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I am trying to use the system_error facility to handle errors in a library of mine. I am going to briefly discuss the structure of the library in case you find it helpful: The namespace of the library is called commons and under this I have another namespace called dynlib. dynlib contains classes that are responsible for loading .so/.dll files:

namespace commons {
    namespace dynlib {
        class DynLibLoader {
        };
    }
}

The errors that may occur in the DynLibLoader are LibraryFailedToLoad, LibraryFailedToUnload and SymbolNotFound. So my thoughts for handling the errors are the following: I will add a namespace error under the namespace dynlib. Then, under that namespace I will define one enum for std::error_codes and one enum for std::error_conditions. From my understanding the std::error_codes have to correspond to the value of errno (Linux) or GetLastError (Win32), and the std::error_conditions to values like LibraryFailedToLoad, SymbolNotFound etc. So, here are my questions:

  • Is my understanding about std::error_code and std::error_condition correct?
  • How I am supposed to know all the possible values of errno and GetLastError() in order to define them under my std::error_codes enum? What if Microsoft adds extra error values to the API in the future? Will I have to go back to the source code and define them under the enum I have for the std::error_codes?
  • What if we are on another platform and there is no way to figure out the exact system error code when an error occurs?
  • What if I want to have the same std::error_codes for the entire commons namespace and only define a different std::error_condition for each sub-namespace like dynlib. Is this a good practice? I would say yes because this will avoid duplicate code. But is there a catch behind this?
  • At the moment I am using a single std::error_category for each sub-namespace of commons. Is this a good practice? Do you think I should use the std::error_category differently?
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up vote 5 down vote accepted

The main distinction is that 'std::error_condition' is portable (platform-independent) while 'std::error_code' is platform-dependent. Typically, low-level platform-dependent code generates 'error_codes' and the client code compares these 'error_codes' to platform-independent 'error_conditions'.

19.5 [syserr] defines a long list of standard (and portable) error conditions (e.g. errc::no_such_file_or_directory) that are explicitly associated to specific values of errno (e.g. ENOENT). As a result, you do not need to know the complete list of possible values of 'errno' or 'GetLastError' generated on your system. You only need to know the standard values relevant to your code. For instance, your library implementation could look like this:

void MyLibraryClass::foo(std::error_code &ec)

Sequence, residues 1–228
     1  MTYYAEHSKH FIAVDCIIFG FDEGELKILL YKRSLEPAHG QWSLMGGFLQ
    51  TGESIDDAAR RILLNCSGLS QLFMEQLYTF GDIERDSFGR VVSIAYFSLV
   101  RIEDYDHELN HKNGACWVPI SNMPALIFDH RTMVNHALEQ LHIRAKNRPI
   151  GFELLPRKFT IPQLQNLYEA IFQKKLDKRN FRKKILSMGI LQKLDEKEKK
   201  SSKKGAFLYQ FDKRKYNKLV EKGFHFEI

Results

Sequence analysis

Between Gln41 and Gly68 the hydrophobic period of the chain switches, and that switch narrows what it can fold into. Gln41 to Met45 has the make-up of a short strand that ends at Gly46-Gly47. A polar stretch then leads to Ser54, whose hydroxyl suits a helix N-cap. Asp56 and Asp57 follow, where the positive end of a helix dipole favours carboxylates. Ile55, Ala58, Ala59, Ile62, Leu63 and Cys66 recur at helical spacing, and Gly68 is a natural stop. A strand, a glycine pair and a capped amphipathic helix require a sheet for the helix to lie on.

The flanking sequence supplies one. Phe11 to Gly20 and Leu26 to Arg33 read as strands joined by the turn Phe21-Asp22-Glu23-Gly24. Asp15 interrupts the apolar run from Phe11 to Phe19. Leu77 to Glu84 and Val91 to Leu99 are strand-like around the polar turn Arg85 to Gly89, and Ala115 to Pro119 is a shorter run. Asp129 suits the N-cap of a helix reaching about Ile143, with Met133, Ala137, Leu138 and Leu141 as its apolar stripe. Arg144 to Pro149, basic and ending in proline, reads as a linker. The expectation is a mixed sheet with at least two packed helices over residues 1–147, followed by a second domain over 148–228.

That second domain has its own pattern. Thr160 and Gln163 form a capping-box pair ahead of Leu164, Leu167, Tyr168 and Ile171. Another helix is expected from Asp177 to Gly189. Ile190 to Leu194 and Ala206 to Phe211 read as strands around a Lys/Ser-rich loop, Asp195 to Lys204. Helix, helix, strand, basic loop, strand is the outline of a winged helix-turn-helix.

{
    // whatever platform dependent operation that might set errno
    // possibly with alternative platform-dependent implementations
    ec = make_error_code(errno);
}

your client code would then check if the 'error_code' matches any specific 'error_condition':

error_code ec;
myLibraryInstance.foo(ec);
if (!ec)
{
    // success
}
else if (errc::no_such_file_or_directory == ec)
{
    // no_such_file_or_directory
}
else
{
    // unknown or unexpected error
}

In your case, you would probably define your own enumeration of errors (only one enumeration) and tag it as 'error_conditions' to enable automatic conversion:

namespace commons
{
namespace dynlib
{
    enum class errc {LibraryFailedToLoad=1, LibraryFailedToUnload, SymbolNotFound};
}
}
namespace std
{
    template<> struct is_error_condition_enum<commons::dynlib::errc> : true_type {};
}
// TODO: implement make_error_code and make_error_condition

You could then translate the outcome of the various platform-dependent operations into the appropriate error_condition (or error_code if you prefer):

void DynLibLoader::open(std::error_code &ec)
{
    // possibly implement the windows version here as well
    if (NULL == dlopen(filename, flag))
    {
        ec = make_error_code(errc::LibraryFailedToLoad);
    }
}

your client code would compare the error code to the possible error conditions, as above:

error_code ec;
dynLibLoader.open(ec);
if (!ec)
{
    // success
}
else if (commons::dynlib::errc::LibraryFailedToLoad == ec)
{
    // Library Failed To Load
}
else
{
    // unknown or unexpected error
}

Note that the enum 'commons::dynlib::errc::LibraryFailedToLoad' is automatically converted to an error_condition (using the provided 'make_error_condition' method) because 'commons::dynlib::errc' is tagged with 'is_error_condition_enum'.

The mapping of 'error_category' to the namespace is probably a personal preference, however it seems a bit artificial. In this specific case, it is true that it makes sense to have a category for the 'dynlib' namespace but it would be easy to find examples where it would make sense to have categories spreading several namespaces. In some cases it might be meaningful and practical to have all your different error enums in a unique namespace (e.g. commons::errors).

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